Gilder, 60, wins Principal Charity Classic with long birdie on final hole

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Bob Gilder earned his 10th victory on the Champions Tour but first since 2006.
By
Associated Press

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Bob Gilder is heading off on a European vacation with a lot of extra cash and the glow that comes from winning.

Gilder won on the Champions Tour for the first time since 2006 on Sunday, sinking a 30-foot birdie putt on 18 and escaping with a one-shot victory in the Principal Charity Classic when Mark Brooks bogeyed the hole.

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2011 PRINCIPAL CHARITY CLASSIC

Last year, the Principal Charity Classic received the "Players Award," voted by the Champions Tour players as the No. 1 stop on the circuit.

"That was well needed," Gilder said.

Gilder leaves for his two-week trip on Monday, a jaunt that will end a long participation streak. He has played in 178 straight tournaments for which he was eligible and after what happened over the last three days, he couldn't care less that he'll miss the upcoming Greater Hickory Classic at Rock Barn.

The 60-year-old Oregonian now can start thinking that his struggles this year are over. His best finish previously had been a tie for 56th.

"I knew I was better than that," Gilder said. "I knew I was going to play better and I knew something good was going to happen."

It did.

Gilder played his last 44 holes without a bogey and closed with a 6-under 65 for a 14-under 199 total and his 10th victory on the senior circuit. But he needed help.

Brooks seemed assured of his first victory in seven starts on the Champions Tour when he led by three strokes with four to play. But he hit into the water on 17 and needed a nifty putt just to make bogey, then three-putted on 18 to hand the title to Gilder, who also won this tournament in 2002.

"It's just been a long time," said Gilder, choking up in the emotion of the moment. "You put in a lot of work as you get older. You kind of wonder if you can do it again."

Brooks, the leader after the first two rounds, shot 68. Mike Goodes and Rod Spittle each came in at 65 to finish two strokes back. Mark Calcavecchia, who trailed Brooks by one stroke heading into Sunday, shot 69 and finished three off the lead.

"That was a disaster," Brooks said.

Gilder's victory followed 61-year-old Tom Watson's win in the Senior PGA Championship, the first time in the 50-and-over tour's history that 60-plus players have won back-to-back tournaments. It's just the 20th time that a player 60 or over has won.

Gilder also snapped a streak of four straight tournaments ending in playoffs. But even with his clinching putt, this one appeared headed for a playoff because Brooks needed to merely two-putt from 25 feet for a tie.

But he rolled his putt 5 feet past the hole, then missed the comebacker as the gallery groaned.

"That was one of the few I hit past the hole all week," Brooks lamented. "The rest were short, short, short. If had putted good today, I would have won by three or four strokes."

He didn't, though, and Gilder had a long awaited victory, ending a drought of four years, eight months and 13 days since winning at the Constellation Energy Classic.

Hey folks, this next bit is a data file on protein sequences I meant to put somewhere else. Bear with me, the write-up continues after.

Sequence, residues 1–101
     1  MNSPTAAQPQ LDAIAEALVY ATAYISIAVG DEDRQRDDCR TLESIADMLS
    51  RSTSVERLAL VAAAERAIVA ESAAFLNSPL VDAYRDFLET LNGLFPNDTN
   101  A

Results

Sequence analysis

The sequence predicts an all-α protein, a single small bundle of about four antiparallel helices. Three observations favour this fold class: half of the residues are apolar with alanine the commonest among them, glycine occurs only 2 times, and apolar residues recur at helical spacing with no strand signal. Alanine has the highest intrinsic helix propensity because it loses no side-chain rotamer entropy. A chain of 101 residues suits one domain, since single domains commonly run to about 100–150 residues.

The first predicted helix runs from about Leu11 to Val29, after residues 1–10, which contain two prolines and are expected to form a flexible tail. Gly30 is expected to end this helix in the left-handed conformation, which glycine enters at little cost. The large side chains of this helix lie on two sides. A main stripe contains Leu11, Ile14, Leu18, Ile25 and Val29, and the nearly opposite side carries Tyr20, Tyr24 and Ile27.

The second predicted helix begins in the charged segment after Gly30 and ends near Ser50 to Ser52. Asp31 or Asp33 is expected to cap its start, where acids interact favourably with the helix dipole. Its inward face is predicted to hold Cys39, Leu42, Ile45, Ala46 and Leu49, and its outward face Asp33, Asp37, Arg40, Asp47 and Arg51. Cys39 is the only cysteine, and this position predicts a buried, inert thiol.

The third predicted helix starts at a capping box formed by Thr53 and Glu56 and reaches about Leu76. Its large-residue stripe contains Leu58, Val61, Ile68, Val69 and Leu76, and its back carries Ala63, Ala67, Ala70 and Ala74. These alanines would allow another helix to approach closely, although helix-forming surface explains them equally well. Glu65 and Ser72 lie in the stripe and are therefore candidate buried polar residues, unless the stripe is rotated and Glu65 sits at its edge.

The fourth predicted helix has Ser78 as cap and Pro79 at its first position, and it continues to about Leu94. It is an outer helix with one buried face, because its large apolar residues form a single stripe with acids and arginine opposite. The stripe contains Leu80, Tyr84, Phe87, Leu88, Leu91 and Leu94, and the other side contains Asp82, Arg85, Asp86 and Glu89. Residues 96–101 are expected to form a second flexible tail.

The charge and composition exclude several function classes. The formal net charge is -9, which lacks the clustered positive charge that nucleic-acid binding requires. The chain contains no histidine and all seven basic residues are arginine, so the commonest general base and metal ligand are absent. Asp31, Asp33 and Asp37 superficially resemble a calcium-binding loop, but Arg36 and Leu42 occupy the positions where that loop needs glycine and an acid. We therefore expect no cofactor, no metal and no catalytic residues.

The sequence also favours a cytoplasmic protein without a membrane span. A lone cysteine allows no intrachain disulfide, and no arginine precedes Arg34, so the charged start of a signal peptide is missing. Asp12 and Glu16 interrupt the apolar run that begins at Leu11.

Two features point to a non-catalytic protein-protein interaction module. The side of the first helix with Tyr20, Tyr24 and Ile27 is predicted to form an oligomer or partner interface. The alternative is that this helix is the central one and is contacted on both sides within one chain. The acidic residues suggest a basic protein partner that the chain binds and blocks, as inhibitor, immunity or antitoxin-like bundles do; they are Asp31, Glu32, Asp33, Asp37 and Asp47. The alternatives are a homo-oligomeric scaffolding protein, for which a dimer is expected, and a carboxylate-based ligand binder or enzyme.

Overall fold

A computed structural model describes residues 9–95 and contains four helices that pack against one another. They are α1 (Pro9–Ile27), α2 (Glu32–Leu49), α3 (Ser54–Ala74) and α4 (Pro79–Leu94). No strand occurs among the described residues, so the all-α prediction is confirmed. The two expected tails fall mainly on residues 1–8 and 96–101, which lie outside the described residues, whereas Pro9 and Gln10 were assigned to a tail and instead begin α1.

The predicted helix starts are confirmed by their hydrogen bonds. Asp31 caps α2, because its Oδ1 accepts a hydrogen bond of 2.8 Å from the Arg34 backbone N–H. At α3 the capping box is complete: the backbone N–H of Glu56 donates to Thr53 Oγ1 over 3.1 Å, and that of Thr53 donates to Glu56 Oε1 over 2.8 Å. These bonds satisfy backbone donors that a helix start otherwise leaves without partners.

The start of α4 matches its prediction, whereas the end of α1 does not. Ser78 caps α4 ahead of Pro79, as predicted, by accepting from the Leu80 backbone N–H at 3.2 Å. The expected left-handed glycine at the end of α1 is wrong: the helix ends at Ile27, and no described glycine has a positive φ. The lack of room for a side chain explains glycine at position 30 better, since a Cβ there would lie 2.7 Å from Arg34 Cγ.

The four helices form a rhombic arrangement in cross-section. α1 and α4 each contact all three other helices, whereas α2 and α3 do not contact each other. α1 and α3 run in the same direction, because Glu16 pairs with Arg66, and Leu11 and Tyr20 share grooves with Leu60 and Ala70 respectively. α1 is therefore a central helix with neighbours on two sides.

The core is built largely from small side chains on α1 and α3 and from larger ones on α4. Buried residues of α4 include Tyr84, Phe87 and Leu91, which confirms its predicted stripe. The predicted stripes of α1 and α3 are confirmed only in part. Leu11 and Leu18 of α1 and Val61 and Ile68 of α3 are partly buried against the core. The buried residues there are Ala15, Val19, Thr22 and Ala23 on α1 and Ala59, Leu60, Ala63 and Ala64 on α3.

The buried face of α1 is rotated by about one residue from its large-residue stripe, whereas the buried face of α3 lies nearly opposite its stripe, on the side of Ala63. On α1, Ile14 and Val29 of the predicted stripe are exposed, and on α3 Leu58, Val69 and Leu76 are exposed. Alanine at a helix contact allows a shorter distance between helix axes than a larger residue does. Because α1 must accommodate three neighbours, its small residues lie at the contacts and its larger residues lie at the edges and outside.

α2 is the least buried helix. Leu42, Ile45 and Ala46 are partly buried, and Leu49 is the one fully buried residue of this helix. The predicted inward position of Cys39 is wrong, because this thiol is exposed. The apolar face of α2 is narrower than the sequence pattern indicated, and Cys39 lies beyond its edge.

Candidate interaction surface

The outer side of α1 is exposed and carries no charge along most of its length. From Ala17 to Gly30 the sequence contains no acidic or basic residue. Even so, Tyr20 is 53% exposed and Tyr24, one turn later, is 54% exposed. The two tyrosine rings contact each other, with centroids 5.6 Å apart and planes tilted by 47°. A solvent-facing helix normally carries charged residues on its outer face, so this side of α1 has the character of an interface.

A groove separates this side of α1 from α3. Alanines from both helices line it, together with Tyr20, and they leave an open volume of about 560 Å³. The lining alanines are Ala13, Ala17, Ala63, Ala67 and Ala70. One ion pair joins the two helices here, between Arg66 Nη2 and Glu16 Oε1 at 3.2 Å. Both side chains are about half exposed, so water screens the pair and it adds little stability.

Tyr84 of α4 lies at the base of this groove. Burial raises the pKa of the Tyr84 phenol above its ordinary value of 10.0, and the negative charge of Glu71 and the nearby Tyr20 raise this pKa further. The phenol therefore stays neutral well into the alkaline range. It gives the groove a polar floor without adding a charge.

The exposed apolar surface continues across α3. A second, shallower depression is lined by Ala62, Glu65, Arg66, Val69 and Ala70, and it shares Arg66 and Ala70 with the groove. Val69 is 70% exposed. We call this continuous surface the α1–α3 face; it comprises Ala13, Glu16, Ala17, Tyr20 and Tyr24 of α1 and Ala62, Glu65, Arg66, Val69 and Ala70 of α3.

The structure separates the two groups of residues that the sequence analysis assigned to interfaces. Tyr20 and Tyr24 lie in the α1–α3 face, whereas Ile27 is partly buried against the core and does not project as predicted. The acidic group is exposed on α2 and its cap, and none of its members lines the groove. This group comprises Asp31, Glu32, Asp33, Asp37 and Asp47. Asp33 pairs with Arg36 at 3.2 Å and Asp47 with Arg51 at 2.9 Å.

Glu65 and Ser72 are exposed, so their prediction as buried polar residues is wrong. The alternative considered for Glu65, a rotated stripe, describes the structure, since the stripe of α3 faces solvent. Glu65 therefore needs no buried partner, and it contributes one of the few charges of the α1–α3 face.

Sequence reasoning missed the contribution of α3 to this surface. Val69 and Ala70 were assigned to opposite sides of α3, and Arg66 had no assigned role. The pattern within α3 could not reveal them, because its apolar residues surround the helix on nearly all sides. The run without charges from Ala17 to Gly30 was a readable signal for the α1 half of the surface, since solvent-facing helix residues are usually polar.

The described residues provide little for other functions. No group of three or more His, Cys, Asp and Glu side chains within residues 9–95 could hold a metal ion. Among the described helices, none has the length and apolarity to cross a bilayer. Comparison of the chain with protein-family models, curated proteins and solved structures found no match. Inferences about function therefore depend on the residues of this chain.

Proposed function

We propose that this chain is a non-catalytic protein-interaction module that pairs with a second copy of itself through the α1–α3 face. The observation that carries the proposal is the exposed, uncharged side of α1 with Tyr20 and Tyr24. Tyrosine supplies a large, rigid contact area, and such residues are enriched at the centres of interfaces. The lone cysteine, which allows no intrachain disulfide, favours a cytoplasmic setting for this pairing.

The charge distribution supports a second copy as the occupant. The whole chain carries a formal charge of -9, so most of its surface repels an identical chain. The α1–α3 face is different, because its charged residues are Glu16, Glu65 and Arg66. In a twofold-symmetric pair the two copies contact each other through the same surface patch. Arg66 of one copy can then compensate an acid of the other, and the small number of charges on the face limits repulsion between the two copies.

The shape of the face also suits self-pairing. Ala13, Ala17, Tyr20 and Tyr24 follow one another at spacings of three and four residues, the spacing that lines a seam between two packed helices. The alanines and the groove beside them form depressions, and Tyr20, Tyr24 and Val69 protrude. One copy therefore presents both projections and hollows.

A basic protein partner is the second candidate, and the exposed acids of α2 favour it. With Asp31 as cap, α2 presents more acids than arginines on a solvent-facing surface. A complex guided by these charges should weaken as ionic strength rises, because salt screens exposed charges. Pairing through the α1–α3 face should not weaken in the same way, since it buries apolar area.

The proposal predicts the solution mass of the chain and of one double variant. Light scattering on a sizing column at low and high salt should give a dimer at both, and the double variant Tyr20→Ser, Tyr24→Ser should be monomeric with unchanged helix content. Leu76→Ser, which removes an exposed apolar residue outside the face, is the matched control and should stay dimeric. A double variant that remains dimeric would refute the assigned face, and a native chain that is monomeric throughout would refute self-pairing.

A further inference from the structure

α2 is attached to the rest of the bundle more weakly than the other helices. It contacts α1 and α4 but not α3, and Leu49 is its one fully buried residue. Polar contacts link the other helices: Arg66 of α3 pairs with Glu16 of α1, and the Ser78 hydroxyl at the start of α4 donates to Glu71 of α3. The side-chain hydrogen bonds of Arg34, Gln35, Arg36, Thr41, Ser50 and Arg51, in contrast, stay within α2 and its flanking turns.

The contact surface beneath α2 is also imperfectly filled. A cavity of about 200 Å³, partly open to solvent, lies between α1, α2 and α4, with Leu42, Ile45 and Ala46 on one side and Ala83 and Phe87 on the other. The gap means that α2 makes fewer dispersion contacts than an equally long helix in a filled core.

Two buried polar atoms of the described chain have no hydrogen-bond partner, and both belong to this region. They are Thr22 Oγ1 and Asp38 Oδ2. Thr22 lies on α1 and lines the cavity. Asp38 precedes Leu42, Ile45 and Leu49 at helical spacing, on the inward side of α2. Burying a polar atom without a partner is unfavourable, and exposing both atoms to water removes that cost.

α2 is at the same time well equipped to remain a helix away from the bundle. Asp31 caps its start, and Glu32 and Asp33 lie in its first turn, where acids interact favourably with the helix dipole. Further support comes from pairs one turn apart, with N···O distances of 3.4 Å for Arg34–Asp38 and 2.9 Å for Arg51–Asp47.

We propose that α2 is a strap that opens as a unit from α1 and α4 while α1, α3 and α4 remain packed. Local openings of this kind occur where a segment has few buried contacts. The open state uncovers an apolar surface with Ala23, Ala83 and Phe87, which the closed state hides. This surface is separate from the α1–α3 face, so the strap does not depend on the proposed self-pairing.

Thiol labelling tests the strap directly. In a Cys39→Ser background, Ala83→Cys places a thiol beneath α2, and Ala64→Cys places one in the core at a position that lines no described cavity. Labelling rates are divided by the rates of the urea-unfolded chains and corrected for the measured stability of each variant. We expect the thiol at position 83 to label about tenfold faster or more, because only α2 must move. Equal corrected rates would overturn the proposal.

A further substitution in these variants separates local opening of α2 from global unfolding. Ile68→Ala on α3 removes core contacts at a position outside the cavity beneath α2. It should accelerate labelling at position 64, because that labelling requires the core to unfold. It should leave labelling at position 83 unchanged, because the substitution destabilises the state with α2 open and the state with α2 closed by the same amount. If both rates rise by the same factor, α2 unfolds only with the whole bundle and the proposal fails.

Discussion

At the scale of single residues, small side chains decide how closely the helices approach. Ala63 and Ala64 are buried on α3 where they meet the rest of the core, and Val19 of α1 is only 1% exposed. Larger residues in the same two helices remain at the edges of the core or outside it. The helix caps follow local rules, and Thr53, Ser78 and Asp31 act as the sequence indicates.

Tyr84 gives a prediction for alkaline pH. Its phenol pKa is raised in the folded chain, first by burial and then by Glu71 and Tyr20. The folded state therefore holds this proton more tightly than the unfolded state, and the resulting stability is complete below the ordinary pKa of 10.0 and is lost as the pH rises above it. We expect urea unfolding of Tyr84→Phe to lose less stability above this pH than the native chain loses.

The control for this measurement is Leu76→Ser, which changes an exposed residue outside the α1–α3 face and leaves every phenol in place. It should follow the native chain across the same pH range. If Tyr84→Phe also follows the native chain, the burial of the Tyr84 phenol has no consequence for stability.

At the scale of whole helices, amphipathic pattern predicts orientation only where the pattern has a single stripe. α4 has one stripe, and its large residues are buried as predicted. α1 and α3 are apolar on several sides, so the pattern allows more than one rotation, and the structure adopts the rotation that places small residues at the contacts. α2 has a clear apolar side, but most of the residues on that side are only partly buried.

"I thought it was going to be a playoff," Gilder said. "That's not a good way to lose it for Mark. It's not a fun way to lose."

Trailing by four through 14 holes, Gilder shaved off a stroke on each of the next two holes with birdies, then got to within a single stroke of the lead when he parred 17 while Brooks bogeyed. Then came the dramatic 18th and one of the most memorable putts of Gilder's career.

"Until he hit into the water on 17, winning really hadn't entered my mind," said Gilder, who had only one bogey in the 54 holes. "And then I saw that happen and I said geez, I could knock it on the green and he could make double and we'd be tied. Whoa. It's like, time to panic.

"But I felt good, even after that."

Spittle played the last 48 holes without a bogey. He got himself onto the leaderboard by making four birdies and an eagle during a seven-hole stretch in the middle of his round.

"I could have had a few more out there and looking at the leaderboard, it would have helped," Spittle said. "But I played well. If you can shoot 65 or 66, that makes it fun for everybody."

After two early bogeys, Goodes birdied seven of his last 12 holes to keep pace with Spittle, his playing partner. His highlight: A long chip for birdie on No. 17 after hitting into the stands.

"That was the only good shot I hit on that hole," he said. "That's the way golf is. Sometimes it only takes one."

Calcavecchia was tied for the lead through 7, but bogeyed the par 5 No. 9 hole to fall three back and saw his hopes of a late run end with bogeys on the final two holes.

Defending champion Nick Price closed with a 66 to finish six back. Price had recorded nine straight rounds in the 60s in this tournament before shooting a 71 on Saturday.

Keith Fergus tied the tournament record with a 63, the best round of his Champions Tour career, after starting 76-73. He put up eight birdies in his bogey-free round, including four in a row on the front nine.

The difference? He left his allergy medicine behind.

"I think it kind of made me in a foul humor for two days," Fergus said. "So I just said, 'You know what, if I die of allergies, I'm just going to die.' I went out and I just played well and hit the ball and made some putts, felt a little more enthusiasm about my game."

A 63 was recorded three times previously in this tournament, most recently by Tommy Armour III in the first round last year.